Linux Boot Process (Startup Sequence):Linux


Learning however UNIX boots up is essential. after you have this data you'll use it to change the sort of login screen you get additionally as that programs start. scan on for the main points.

The fallowing are the 6 high level stages of Linux boot process

The UNIX Boot Sequence

You might keep in mind after you put in UNIX that the installation method prompted you for an inventory of partitions and also the sizes of every during which your filesystems would be placed.

When allocating space for the partitions, the primary sector, or knowledge unit, for every partition is usually reserved for programmable code utilized in booting. The terribly initial sector of the magnetic disc is reserved for identical purpose and is termed the master boot record (MBR).

When booting from a tough disk, the computer system BIOS starts by loading and death penalty bootloader code. In several cases the entire bootloader code is larger than the area obtainable within the MBR, therefore booting must be exhausted stages.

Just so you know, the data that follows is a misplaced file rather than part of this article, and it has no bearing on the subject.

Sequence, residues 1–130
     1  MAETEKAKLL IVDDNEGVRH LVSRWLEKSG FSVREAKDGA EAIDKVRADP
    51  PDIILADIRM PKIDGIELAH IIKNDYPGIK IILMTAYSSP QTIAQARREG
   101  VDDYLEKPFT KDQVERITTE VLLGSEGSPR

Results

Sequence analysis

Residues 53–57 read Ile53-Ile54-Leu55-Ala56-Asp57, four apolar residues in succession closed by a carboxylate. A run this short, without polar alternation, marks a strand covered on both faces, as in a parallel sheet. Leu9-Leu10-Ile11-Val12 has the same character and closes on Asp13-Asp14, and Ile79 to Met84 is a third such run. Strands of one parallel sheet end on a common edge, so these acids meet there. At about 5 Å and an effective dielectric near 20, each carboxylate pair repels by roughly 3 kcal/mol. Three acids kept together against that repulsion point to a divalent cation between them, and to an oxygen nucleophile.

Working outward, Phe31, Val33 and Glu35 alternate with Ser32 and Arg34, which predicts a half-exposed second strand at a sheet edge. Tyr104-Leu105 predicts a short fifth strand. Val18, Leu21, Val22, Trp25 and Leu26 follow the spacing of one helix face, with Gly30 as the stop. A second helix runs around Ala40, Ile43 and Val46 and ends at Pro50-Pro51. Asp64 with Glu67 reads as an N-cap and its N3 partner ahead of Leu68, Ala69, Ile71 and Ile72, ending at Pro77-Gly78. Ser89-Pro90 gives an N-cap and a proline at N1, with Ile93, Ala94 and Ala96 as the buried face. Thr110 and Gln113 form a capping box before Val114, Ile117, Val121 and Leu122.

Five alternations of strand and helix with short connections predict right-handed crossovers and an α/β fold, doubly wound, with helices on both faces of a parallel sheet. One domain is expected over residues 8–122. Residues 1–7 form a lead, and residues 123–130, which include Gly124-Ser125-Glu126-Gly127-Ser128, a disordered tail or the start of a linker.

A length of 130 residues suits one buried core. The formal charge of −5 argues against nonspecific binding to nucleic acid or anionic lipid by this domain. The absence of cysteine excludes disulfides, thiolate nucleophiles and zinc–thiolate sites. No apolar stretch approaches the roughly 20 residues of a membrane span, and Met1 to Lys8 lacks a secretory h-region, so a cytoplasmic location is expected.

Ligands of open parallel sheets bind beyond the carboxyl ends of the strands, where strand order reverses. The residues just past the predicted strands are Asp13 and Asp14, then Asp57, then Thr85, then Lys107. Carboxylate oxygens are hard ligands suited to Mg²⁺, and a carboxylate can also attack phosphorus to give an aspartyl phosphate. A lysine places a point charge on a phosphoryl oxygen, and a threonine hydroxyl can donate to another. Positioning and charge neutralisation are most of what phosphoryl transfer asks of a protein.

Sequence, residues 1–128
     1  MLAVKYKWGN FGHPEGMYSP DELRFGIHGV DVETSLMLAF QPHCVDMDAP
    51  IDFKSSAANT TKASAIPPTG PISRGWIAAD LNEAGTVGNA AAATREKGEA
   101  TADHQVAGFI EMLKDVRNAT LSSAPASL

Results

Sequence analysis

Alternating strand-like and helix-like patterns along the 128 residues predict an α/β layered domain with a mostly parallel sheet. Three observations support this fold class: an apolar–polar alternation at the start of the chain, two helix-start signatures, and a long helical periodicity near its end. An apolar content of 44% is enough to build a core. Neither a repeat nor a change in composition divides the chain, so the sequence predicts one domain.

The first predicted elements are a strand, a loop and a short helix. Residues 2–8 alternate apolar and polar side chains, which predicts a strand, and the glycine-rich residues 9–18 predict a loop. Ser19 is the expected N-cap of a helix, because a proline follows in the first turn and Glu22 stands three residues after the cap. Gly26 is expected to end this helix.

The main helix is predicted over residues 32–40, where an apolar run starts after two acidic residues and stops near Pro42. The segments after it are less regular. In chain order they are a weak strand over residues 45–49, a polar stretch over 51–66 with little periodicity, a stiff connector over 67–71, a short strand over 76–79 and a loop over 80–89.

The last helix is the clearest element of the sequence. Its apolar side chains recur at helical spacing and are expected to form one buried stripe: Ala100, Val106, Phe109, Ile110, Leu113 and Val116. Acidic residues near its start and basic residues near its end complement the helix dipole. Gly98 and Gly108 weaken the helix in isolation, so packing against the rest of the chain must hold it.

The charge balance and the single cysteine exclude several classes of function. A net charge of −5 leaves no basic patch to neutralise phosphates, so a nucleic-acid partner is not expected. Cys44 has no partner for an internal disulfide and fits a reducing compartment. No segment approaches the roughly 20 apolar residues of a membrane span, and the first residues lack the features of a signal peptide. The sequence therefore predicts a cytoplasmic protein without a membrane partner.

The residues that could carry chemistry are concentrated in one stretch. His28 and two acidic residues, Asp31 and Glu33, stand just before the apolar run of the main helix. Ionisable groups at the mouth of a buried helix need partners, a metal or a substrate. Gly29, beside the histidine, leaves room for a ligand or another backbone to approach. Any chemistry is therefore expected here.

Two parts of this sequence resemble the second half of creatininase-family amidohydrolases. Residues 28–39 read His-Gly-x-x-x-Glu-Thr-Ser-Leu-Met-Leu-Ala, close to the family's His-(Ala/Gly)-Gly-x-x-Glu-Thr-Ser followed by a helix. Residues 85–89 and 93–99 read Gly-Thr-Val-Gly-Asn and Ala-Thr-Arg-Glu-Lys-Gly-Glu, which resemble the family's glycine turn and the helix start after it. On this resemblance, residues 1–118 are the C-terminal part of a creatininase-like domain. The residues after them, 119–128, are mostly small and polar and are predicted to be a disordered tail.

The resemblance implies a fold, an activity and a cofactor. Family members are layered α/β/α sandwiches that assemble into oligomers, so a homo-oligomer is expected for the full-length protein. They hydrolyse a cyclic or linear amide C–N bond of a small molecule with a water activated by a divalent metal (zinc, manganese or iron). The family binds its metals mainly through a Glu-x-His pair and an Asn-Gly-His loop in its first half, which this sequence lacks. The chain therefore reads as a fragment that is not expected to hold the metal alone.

Fedora UNIX uses the Grub staged bootloader system wherever the primary stage bootloader code (boot.img) is run from the MBR, however counting on the version of Grub, the subsequent sequence of events is completely different.

Grub Version one
In Stage 1.5 of the Grub version one method, further code is loaded from the thirty kilobytes of magnetic disc instantly when the MBR. This 1.5 bootloader image file includes enough partition and filesystem drivers to permit the Stage a pair of to be loaded from a acknowledged location within the boot filesystem, typically /boot/grub. Stage a pair of then hundreds alternative needed drivers and kernel modules before reading the Grub configuration file and displaying the boot menu.

Grub Version a pair of
Like version one, version a pair of reads a picture file (core.img) within the thirty kilobytes when the MBR. to stay its size tiny, it contains just enough modules to access the boot partition and hundreds everything it wants, together with the boot menu, from there.
Grub when the Boot Menu

The acquainted GRUB startup menu is currently displayed, which can permit you to pick out AN OS as well or to look at and edit kernel startup parameters.

Assuming you choose a version of UNIX as well, the subsequent steps can happen:

    The kernel you chose is loaded into memory
 a picture file containing a basic root filing system with all the kernel modules and alternative files the kernel needs to continue the boot method is loaded into memory too. This file is usually referred to as initrd ("init ram disk") or initramfs ("init ram filesystem").